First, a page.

Starbucks is grappling with these challenges amid an aggressive growth plan that calls for opening 2,400 stores this fiscal year — about one every three and a half hours — including about 1,700 in the United States and 700 international locations.
In the next few years, Starbucks has said that it hopes to continue adding about the same number of stores in the U.S., which will translate into slightly lower percentage growth.
Maher said he thinks that’s a smart strategy that should allow the company to pick out the most lucrative locations and negotiate better lease agreements. It also may help mitigate the problems other retailers, such as Krispy Kreme Donuts, have faced by building out at too feverish a pace.
Still, even at that pace Starbucks faces the risk that its increasing ubiquity will make its brand less enticing. Starbucks Chairman Howard Schultz fretted about the tradeoffs the company has made in the pursuit of growth in an internal memo earlier this year, although the company has sought to downplay those concerns.
The coffee retailer’s massive expansion has allowed it to dwarf direct competitors such as Peet’s Coffee & Tea and Caribou Coffee. But increasingly, Starbucks is facing threats from other big, established brands that are moving to upscale coffee, including McDonald’s and Dunkin’ Donuts.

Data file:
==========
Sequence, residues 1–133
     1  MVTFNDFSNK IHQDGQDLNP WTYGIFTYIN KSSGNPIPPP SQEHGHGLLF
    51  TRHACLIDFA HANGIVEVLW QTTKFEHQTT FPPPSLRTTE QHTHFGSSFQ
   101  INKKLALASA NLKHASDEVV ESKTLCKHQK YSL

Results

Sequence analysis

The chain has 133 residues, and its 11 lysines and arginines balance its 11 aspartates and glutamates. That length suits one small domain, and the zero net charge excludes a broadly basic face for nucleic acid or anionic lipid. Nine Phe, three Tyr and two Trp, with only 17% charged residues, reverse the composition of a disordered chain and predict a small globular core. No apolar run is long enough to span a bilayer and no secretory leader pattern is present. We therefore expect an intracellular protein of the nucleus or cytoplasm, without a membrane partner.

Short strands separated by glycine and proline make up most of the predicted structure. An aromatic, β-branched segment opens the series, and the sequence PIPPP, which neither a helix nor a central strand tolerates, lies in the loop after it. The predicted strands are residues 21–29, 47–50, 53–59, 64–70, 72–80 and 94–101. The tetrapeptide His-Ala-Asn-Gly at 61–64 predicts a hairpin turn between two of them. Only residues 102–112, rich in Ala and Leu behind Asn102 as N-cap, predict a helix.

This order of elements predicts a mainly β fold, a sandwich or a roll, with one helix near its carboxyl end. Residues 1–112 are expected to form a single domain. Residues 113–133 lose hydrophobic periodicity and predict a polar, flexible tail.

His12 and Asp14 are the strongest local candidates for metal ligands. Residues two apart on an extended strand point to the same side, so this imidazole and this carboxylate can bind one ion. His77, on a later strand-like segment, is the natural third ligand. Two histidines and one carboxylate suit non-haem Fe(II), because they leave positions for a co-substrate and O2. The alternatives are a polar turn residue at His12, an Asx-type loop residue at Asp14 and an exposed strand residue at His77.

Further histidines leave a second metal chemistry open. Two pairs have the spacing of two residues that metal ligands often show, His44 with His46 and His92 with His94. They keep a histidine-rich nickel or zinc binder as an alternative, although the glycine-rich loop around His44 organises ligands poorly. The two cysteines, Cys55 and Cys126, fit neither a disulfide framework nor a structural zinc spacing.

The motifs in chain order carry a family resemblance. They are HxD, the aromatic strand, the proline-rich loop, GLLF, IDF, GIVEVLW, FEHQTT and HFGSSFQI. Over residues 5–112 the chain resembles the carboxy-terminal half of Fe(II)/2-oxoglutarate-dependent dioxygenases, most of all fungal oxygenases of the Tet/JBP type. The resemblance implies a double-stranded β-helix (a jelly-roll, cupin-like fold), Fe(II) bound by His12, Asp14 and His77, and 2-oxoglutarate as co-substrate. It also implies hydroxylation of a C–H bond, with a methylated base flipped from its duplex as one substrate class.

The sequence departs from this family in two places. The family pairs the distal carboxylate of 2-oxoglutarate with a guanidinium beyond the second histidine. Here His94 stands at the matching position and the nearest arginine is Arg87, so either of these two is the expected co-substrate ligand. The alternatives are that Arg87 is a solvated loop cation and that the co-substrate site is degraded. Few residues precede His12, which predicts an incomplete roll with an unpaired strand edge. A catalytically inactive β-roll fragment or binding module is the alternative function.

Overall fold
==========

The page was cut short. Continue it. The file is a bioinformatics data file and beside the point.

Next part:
Owens said those companies do represent some competition for Starbucks, but he noted that they generally do not offer the ambience, including comfy chairs and other amenities, that are part of Starbucks’ draw.
“There’s not a significant overlap between their customer bases,” he said.
Maher also notes that Starbucks is combating the competition on their turf as well, by offering hot breakfast sandwiches and other food items that compete with those outlets.
International business potential
As the U.S. business grows more mature in coming years, the international market still holds potential, as Starbucks Chief Financial Officer Michael Casey recently told analysts. Starbucks currently operates about 10,000 U.S. stores and about 4,000 international stores. Company executives hope they eventually will have 20,000 international locations and the same number in the U.S.
Starbucks has said it sees enormous opportunity in developing areas such as China. Still, the company has hit some stumbling blocks as it navigates that expansion. Recently, it had to put its highly anticipated move into India on hold.
Owens says he does see long-term potential overseas, noting that the company has been highly successful in building its brand in the United Kingdom.
“I think the Starbucks brand actually translates well,” he said.
But a real payoff could take years. For now, the U.S. operations accounts for about 80 percent of the company’s profits, compared with less than 10 percent for overseas operations. The rest of its profits come from sales of coffee beans, bottled coffee drinks and other items sold at grocers and other retailers.
“I do think ... that investors and analysts see a lot of potential internationally, but they see it as coming quite a bit further down the road,” Geiman said.